For Gilberto Sánchez, academic director of the area of Videogames in U-tad, there is a misunderstanding between what many students aspire to study and what they really have to study. “It’s purely aspirational. They would like to make video games because they are passionate about it. They are people who have grown up playing video games and see it as a profession, which is what it is . But they believe that everything is telling stories and putting them there. They see themselves playing the games they play without knowing the complexity behind them, and the technological and work demands they have “, explains Sánchez.
“Ten years ago, the people who studied these studies came from engineering, from physics, from mathematics, from computer science … from very difficult careers. Why is it going to be easier now? C ++ is not easier now than 7 or 8 years ago . If you think you can make a video game without being a C ++ specialist due to the fact that there are tools that make life easier for you to compose game situations through graphic engines, you live in an imaginary landscape. Whoever sells and makes products that everyone wants needs real programmers, “says Sanchez.
In the last five years, all computer science degrees have multiplied their enrollments . Computing multiplied them by 1.2, multimedia engineering, by 1.4, software development and applications, also by 1.4. How much increased the registrations of the degree of development of videojuegos? 10.5 times .
Last year 1,285 people were enrolled in a degree of video game development; the previous one, 1.010. We must remember that the entire sector is now composed of 6,337 professionals .
Is there then a bubble?
” The offer of training is greater than what the industry can hoard , but that is something that happens in many sectors. In university education there is full employment in computing, telecommunications and little else. This does not mean that there is no industry or that it does not move, “says Pedro González, director of the Videogame Master of the UCM.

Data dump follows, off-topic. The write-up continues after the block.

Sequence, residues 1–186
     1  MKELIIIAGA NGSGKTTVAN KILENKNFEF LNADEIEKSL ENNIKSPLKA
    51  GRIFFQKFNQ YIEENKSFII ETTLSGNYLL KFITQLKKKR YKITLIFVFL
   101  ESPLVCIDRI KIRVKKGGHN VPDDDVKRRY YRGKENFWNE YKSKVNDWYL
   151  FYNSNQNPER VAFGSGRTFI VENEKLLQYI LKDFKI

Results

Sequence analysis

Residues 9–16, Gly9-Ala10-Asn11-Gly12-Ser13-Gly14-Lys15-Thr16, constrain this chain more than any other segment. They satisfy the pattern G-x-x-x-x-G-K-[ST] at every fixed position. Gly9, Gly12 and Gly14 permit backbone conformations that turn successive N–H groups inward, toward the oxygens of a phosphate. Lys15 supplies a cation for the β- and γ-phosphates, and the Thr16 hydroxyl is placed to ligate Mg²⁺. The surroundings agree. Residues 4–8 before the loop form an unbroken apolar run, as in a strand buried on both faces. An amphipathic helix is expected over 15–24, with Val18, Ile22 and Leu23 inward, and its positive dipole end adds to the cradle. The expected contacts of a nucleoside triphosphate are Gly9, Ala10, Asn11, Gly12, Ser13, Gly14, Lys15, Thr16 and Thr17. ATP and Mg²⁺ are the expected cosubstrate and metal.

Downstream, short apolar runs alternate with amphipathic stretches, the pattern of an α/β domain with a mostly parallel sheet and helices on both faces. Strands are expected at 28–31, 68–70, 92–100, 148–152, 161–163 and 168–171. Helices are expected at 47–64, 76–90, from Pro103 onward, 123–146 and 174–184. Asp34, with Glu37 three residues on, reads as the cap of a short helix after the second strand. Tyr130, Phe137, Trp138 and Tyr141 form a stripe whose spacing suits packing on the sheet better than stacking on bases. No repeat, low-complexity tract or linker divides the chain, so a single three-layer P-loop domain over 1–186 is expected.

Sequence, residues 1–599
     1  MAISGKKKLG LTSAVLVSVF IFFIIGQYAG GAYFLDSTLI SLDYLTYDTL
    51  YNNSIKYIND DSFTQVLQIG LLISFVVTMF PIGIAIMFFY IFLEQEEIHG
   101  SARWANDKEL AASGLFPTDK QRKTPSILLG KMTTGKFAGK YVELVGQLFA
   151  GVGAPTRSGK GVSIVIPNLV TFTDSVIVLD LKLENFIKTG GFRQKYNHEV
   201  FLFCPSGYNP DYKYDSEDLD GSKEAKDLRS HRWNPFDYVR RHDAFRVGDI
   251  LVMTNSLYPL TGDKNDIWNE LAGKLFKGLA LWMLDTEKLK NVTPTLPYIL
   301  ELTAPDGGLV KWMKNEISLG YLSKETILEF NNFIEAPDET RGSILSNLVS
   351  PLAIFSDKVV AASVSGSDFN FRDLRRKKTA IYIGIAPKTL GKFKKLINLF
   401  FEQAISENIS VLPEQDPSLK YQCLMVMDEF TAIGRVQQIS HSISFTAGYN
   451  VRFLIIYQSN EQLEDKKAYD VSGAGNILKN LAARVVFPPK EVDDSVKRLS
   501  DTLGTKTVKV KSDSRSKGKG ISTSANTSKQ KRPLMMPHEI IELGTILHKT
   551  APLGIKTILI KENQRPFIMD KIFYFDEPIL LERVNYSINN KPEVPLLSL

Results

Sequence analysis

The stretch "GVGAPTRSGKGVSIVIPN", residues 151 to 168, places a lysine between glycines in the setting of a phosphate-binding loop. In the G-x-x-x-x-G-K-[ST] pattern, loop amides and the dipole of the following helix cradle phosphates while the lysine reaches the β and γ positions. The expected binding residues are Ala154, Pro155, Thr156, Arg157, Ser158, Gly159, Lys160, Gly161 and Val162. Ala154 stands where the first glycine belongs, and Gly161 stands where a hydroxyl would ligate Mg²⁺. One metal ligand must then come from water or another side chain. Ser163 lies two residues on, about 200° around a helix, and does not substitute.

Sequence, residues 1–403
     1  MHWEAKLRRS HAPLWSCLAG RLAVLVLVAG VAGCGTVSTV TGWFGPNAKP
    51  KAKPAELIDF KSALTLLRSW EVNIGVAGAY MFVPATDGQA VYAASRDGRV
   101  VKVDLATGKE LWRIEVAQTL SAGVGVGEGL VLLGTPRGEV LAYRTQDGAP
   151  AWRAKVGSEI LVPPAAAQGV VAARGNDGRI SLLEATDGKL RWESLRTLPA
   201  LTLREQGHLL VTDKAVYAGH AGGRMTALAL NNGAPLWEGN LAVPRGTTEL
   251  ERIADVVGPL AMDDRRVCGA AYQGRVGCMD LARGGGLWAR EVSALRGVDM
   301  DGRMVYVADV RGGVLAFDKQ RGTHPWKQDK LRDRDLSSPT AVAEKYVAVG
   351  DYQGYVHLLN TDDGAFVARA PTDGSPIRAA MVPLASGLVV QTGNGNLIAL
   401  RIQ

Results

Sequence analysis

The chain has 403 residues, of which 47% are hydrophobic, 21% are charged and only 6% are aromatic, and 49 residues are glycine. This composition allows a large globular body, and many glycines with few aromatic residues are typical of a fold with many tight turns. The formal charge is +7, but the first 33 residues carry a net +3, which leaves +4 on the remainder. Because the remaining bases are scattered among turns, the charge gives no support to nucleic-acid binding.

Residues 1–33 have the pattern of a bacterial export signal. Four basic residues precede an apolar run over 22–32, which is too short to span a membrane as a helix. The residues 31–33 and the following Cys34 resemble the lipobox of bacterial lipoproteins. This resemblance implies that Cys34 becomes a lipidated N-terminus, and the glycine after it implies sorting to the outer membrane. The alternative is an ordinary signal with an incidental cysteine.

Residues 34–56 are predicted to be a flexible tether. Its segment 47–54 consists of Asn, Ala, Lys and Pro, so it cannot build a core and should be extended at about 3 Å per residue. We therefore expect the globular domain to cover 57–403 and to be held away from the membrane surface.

“I think what we have is a boom in the offer of degrees related to videogames, ” says Gilberto Sánchez, academic director of the Videogame area at the U-tad University Center.
“Yes, but more a bubble of education than of the industry. The industry is growing. The problem is that we are getting many more students than the industry can absorb , “says Daniel Palacio, 3D designer and art teacher for video games.
” Yes in the sense that there are many students and that it will cost them to find work , but I do not think it is especially worrisome in relation to other careers. I also think that there is a bubble in that they will have many outputs, which is not true, “says Javier Arevalo, former academic director of the U-tad videogame area and current lead game programmer at Lingokids.
Asked about the exits of a student specialized in programming, art or videogame design, González and Arevalo opted to recommend an education that does not close the doors to other occupations . For Gonzalez, “in the UCM we have a degree in videogames, but our approach in the degree is to train programmers, so that if the student gets a job as a video game programmer, well, but if not, he also has many more outings” .
For Javier Arevalo, “the world of videogames is at a turning point. People do not know what it is, but it is considered to be a big industry . It is said that has very powerful outputs but it is not, it is a very difficult field, highly specialized and that is very subject to the vagaries of the market: you can make a very good game and not sell it because another becomes fashionable. When the White Paper came out, some media talked about the second golden age of the videogame in Spain, and it is not true, to describe it in those terms is to trivialize the effort. At the most we are in the Bronze Age, and we have to move it forward . “